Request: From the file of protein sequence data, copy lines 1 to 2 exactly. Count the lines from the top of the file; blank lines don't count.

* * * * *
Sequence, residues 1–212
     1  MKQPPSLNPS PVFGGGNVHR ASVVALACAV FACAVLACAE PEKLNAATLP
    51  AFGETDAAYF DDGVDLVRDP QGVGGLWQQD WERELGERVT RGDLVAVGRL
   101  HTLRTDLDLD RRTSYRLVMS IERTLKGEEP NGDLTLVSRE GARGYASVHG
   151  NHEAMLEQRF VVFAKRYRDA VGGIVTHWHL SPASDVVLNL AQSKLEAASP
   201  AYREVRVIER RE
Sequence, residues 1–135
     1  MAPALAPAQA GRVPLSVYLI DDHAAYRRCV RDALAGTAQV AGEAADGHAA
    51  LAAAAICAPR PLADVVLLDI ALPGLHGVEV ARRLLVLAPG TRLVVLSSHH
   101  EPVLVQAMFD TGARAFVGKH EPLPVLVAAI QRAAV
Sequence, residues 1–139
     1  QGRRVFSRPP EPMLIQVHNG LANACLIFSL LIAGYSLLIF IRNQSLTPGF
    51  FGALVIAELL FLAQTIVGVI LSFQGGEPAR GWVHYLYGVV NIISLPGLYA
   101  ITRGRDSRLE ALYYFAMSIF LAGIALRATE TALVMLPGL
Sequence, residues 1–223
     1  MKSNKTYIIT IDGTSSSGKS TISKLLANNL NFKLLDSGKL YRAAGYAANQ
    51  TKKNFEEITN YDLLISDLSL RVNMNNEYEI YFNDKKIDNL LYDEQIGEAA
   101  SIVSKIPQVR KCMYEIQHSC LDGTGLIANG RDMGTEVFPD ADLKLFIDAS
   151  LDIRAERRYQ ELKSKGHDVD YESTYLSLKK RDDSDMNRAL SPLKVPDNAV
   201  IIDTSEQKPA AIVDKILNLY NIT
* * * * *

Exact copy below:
Sequence, residues 1–212
     1  MKQPPSLNPS PVFGGGNVHR ASVVALACAV FACAVLACAE PEKLNAATLP